Still the darling of cashed-up sponsors, the 31-year-old sprint legend’s legacy could lose a coating of lustre should his extended audition with Mariners fall flat.
And Charlesworth admires the eight-time Olympic champion’s chutzpah in attempting to succeed in a new sporting pursuit where ridicule could rain more readily than recognition.
“I’m sure Usain has the capacity to earn a lot of money elsewhere ... but coming to develop his skills with the Mariners shows a huge strength of character and that his heart’s in the right place,” said Charlesworth.
“To a certain extent, he’s putting his own brand on the line and I respect that.”
Charlesworth said Bolt, whose larger than life persona invites an element of awe, is going to have to “muck in with the boys” and milk knowledge from the coaching double act of former Manchester United assistant Mike Phelan and Mike Mulvey when he descends on Gosford on Saturday week.
“Like any new player we’ll be giving Usain the best possible coaching and advice, and of course every opportunity to succeed,” he added.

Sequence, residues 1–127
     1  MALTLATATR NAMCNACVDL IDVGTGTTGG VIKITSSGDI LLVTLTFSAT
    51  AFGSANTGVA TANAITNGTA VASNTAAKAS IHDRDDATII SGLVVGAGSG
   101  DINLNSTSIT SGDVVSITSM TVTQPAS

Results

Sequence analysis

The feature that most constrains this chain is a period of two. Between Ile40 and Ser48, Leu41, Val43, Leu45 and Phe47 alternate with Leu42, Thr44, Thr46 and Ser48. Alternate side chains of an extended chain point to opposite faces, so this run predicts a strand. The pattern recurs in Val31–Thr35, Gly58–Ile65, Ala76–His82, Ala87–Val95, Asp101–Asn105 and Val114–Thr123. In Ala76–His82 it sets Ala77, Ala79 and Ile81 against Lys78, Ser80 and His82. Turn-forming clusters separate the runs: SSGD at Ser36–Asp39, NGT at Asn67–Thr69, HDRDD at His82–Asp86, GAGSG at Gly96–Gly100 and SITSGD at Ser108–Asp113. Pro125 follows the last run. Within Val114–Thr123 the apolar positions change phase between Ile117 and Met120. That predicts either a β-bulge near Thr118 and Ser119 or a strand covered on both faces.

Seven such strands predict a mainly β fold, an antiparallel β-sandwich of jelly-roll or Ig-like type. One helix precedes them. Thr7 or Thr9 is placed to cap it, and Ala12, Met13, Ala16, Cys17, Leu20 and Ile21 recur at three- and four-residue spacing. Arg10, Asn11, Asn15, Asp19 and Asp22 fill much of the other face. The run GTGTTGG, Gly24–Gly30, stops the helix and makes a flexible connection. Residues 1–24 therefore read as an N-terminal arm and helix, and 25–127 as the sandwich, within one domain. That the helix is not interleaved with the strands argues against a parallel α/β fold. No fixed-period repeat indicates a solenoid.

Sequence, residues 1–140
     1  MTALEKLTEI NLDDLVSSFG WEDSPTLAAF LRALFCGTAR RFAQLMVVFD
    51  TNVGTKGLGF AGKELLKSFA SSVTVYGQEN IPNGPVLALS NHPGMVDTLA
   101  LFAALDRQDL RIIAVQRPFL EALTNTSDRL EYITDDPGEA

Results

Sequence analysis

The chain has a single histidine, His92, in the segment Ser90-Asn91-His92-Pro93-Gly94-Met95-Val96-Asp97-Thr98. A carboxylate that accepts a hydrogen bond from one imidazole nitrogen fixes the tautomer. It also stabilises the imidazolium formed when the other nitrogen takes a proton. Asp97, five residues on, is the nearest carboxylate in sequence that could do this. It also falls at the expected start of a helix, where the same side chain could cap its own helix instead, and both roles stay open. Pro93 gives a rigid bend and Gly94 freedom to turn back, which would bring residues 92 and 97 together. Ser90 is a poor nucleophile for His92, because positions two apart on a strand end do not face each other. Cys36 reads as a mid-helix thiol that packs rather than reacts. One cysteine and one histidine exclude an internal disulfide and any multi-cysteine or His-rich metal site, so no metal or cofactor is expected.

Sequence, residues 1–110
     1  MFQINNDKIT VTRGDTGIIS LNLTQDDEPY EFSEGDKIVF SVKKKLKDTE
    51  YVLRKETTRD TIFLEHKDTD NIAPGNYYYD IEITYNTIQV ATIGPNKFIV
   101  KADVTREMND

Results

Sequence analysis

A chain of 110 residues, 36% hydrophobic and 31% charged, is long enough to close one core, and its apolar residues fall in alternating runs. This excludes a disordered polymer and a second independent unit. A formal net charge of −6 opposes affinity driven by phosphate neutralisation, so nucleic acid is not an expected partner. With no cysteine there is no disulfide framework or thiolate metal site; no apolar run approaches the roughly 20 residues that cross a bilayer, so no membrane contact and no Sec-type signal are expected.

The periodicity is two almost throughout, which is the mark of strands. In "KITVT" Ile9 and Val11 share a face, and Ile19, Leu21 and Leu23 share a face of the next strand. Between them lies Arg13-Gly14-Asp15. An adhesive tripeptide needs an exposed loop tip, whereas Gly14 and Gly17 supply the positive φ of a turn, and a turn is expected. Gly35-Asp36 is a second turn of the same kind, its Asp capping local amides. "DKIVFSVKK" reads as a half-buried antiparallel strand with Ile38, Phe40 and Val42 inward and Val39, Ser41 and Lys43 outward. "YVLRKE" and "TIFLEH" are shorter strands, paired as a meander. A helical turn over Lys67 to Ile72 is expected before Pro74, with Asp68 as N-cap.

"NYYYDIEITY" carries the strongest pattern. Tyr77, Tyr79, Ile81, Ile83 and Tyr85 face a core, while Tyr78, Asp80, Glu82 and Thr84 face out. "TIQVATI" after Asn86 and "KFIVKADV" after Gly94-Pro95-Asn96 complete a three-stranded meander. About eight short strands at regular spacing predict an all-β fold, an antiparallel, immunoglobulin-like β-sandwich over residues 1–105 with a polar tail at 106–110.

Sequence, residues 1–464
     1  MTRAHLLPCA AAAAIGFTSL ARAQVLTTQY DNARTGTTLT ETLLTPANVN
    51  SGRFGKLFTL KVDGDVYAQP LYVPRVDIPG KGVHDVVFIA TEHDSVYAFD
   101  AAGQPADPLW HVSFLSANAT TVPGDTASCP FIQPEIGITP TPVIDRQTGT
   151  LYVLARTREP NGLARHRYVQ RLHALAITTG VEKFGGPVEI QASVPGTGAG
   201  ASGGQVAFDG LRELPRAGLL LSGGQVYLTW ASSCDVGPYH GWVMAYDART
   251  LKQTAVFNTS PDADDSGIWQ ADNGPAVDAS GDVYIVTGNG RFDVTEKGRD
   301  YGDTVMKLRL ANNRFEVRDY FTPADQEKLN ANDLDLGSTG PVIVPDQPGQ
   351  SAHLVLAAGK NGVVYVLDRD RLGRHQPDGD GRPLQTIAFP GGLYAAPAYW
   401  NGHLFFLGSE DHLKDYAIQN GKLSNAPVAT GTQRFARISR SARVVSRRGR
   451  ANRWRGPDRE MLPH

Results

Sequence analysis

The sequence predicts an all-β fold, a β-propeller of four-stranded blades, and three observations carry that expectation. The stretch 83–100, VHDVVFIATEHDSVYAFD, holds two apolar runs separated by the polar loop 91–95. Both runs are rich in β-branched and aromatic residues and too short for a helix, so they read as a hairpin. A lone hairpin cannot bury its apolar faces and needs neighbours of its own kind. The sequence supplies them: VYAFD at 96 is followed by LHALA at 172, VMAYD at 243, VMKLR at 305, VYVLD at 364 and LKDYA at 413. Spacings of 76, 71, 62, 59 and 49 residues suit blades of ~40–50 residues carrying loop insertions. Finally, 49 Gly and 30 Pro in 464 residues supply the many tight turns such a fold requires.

“I think every sports fan globally will be asking themselves ‘can he make it as a professional footballer at a quality standard league?’ We all want that question answered.
“If he can we’ll be addressing the issue with the FFA and sponsors but I see no major issues in working this out if he’s capable of playing at A-League level.”
Asked if Bolt's arrival will outweigh that of Keisuke Honda at Melbourne Victory, Charlesworth was diplomatic.
“Honda is a huge name in Japan and a top quality player that I’m sure will deliver for Victory,” he said.
“We’ll just see how things develop over the coming weeks but like Honda this helps put some spotlight on the A-League, which it deserves internationally as a quality brand.”
Prior to any decision on Bolt’s viability as the real deal, Charlesworth is relishing the buzz generated already by his impending arrival.
“Just having him here will create a debate which didn’t exist before and that’s what football is about all about, opinions,” he added.
“It’s of significant importance to the Central Coast from tourism to the local businesses.
“A playing contract will be based on his ability and the football department will decide whether he can add value or not to the first team.
“If, and when, he plays his first game everybody will be fascinated to see his athleticism and potential to perform.”
Charlesworth admitted that when Bolt was first suggested as a potential target he thought it might be a bridge too far, but he decided to “think outside the box”.
“He’s coming hnow and while of course there is a commercial upside, I’m just fascinated to see how we can develop him and what he might be capable of,” he said.
In a mirthful reference to Bolt’s speed - he still holds the 100 meters world record of 9.58 seconds - Charlesworth joked that the Mariners might need to “play some long balls over the top” to exploit his blistering acceleration.